05 May 2015, Lagos – The Central Bank of Nigeria, CBN, yesterday, said the fiscal operations of the Federal Government in the second half of 2014 resulted in an over-spending of the budget by N365.35 billion or 0.8 per cent of GDP, as against the proportionate projected budget deficit of N482.10 billion for the period and N325.10 billion recorded in the first half of the year.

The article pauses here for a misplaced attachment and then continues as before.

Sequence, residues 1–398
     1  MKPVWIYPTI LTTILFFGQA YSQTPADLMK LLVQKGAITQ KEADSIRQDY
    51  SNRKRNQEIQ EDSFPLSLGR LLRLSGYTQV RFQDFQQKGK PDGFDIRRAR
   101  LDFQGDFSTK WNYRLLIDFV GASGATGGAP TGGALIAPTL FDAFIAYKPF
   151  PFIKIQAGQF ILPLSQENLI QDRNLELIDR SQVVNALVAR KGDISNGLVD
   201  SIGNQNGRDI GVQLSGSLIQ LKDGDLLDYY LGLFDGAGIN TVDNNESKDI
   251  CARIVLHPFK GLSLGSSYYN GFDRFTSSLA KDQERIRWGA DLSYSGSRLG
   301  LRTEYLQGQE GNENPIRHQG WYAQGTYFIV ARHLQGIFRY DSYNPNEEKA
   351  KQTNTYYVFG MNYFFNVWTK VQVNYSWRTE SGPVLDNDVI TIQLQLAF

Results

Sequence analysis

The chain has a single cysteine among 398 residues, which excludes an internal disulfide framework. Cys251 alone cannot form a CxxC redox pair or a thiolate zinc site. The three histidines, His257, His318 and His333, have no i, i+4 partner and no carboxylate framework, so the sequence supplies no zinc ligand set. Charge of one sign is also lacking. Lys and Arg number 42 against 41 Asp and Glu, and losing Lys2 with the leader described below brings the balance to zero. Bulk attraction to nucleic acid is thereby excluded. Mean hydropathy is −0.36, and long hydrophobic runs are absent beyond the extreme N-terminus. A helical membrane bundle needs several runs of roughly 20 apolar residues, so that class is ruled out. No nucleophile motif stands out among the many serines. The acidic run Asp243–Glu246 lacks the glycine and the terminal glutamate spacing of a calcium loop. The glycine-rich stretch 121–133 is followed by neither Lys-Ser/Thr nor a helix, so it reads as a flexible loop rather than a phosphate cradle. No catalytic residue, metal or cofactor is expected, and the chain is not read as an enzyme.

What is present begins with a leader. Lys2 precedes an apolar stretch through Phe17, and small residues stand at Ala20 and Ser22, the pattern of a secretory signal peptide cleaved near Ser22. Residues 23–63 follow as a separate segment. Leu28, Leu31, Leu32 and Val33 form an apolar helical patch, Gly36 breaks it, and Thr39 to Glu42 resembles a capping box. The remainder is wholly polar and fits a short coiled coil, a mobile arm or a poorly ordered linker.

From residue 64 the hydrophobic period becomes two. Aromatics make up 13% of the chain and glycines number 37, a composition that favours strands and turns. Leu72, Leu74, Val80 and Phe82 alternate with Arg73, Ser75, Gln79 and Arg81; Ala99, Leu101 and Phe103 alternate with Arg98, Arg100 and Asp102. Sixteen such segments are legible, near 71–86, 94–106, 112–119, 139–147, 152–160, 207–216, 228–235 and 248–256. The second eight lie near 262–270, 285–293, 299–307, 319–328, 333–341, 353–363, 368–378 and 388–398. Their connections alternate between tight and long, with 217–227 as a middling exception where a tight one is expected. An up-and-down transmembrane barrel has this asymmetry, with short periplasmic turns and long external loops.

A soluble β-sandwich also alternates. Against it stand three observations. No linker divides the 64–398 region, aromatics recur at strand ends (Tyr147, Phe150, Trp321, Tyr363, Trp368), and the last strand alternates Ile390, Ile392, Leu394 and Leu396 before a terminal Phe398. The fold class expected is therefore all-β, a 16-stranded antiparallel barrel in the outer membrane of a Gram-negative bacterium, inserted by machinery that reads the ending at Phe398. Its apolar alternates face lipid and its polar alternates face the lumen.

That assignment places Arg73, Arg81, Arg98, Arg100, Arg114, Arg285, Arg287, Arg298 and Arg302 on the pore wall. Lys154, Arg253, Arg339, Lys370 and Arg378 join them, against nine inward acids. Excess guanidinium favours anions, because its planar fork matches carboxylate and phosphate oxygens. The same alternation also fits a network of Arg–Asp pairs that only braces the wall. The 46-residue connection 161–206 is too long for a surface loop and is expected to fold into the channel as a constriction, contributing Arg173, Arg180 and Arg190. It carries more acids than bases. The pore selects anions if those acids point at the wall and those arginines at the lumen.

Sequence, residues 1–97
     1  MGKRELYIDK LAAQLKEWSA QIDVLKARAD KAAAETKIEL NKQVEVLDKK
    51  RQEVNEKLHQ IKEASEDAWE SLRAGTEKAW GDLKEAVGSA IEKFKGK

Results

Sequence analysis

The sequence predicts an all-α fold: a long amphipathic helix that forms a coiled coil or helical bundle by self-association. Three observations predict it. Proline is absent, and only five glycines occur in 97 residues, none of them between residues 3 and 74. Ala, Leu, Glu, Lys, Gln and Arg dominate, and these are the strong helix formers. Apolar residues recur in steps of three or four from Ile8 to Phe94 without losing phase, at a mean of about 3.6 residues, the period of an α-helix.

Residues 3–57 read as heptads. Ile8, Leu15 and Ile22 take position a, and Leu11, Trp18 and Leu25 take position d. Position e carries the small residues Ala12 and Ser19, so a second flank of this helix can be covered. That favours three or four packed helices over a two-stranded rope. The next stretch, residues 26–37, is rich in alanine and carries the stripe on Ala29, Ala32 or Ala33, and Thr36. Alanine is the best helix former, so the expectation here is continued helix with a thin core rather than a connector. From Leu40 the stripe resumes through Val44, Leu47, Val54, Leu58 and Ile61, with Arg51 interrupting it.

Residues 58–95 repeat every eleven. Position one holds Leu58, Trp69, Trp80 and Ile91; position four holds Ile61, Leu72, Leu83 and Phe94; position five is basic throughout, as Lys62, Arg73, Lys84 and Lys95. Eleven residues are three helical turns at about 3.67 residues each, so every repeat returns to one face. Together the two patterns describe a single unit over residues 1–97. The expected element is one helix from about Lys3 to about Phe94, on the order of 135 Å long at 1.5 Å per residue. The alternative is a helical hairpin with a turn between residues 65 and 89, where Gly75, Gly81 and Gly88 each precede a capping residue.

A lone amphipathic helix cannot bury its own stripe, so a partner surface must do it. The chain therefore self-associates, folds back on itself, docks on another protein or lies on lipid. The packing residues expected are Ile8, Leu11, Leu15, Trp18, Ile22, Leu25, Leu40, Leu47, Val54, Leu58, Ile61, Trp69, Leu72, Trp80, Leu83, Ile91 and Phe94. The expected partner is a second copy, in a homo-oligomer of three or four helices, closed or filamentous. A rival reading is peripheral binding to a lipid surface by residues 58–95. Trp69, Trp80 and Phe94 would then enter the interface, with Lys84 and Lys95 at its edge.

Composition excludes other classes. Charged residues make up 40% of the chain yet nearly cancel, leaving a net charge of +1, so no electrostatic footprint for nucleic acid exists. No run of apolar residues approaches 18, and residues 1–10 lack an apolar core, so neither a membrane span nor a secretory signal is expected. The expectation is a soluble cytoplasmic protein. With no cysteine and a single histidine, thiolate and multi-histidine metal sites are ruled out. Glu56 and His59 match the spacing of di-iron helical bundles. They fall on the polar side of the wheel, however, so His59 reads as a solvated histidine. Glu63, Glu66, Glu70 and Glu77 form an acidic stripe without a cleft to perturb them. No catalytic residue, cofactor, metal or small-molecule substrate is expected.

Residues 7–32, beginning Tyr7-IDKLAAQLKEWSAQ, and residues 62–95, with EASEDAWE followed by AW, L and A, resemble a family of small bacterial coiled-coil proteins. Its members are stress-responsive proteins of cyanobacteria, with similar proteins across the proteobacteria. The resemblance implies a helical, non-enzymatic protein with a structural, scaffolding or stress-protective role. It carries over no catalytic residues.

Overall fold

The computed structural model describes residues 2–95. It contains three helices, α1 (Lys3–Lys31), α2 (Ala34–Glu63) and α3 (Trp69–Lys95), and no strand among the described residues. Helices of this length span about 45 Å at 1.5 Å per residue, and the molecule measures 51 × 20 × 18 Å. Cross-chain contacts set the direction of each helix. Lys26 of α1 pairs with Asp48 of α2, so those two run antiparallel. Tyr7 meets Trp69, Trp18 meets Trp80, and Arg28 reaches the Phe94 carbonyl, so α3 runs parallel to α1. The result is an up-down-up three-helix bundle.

This fact is contained in the Financial Stability report of the CBN released on Thursday but published yesterday on its website. The report said that “the deficit was financed mostly from privatisation proceeds.” According to CBN, “the second half of 2014 also witnessed the commencement of a sustained decline in international oil prices, a development that signalled a decline in government revenue in 2015, given the traditional dominance of oil receipts in its revenue profile. “The Federal Government’s retained revenue for the second half of 2014,” the report noted, “increased to N1.95119 trillion, from N1.77127 trillion in the first half, but was lower than the budget estimate of N2.13404 trillion.” Analysis of the retained revenue showed that the Federal Government’s share of the Federation Account was N1.40394 trillion (71.9 per cent); the VAT Pool Account, N55.62 billion (2.9 per cent); the Federal Government Independent Revenue was N284.14 billion (14.6 per cent); SURE-P netted N97.76 billion (5.0 per cent); while others, including excess crude and NNPC additional revenue, accounted for the balance of N109.73 billion (5.6 per cent).” The report said the “Federal Government expenditure grew by 10.5 per cent to N2.31654 trillion, from N2.09637 trillion in the first half, compared with the budgeted expenditure of N2.61614 trillion for the second half of 2014.” On the economy According to the CBN report on the economy, “provisional data from the National Bureau of Statistics, NBS, indicated that the domestic economy expanded further in the second half of 2014. Gross Domestic Product, GDP, measured in real terms recorded a growth of 13.03 per cent over the level in the preceding half year, in 10 contrast to the 6.14 per cent decline in the first half against end December 2013 performance. It was, however, 0.31 percentage point below the 13.34 per cent recorded in the corresponding period of 2013. “Overall, growth in real GDP continued to be buoyed by sustained expansion in the non-oil sector, though it was moderated by the lull in the oil sector, owing to the drastic fall in the international oil prices. The non-oil sector recorded 15.06 per cent growth in real terms in the second half of 2014, compared with the 7.04 per cent decline in the preceding first half. “The growth in the non-oil sector was driven mainly by significant expansion in the agriculture sector, particularly, the crop production activities. “Correspondingly, the contribution of the non-oil sector stood at 90.31 per cent, indicating an increase of 1.6 and 0.7 percentage points over the 88.71 and 89.57per cent recorded in the preceding half year and corresponding period of 2014, respectively. “In real terms, the agriculture sector recorded the highest level of growth at 40.5 per cent, followed by the services sector 10.4 per cent, trade 6.9 per cent, and manufacturing 3.6 per cent. “In terms of sectoral contribution, the services sector accounted for the largest share 35.7 per cent of real GDP. This was followed by agriculture 25.2 per cent, trade 16.1 per cent, crude petroleum, natural gas and solid minerals 10.0 per cent, manufacturing 9.5 per cent, and construction 3.5 per cent. “Activities in the oil sector witnessed challenges, arising from falling oil prices during the second half of 2014. Although average daily production of crude oil rose to 2.18 million barrels per day in the fourth quarter, from 2.15 in the third quarter, oil as a percentage of GDP declined by 2.9 per cent in contrast to 1.6 per cent growth in the first half. “Further analysis also indicated that the oil sector contributed 9.7 per cent to real GDP in the second half, showing 1.59 and 0.73 percentage points decline below the contributions in the preceding half year and the corresponding period of 2013, respectively.”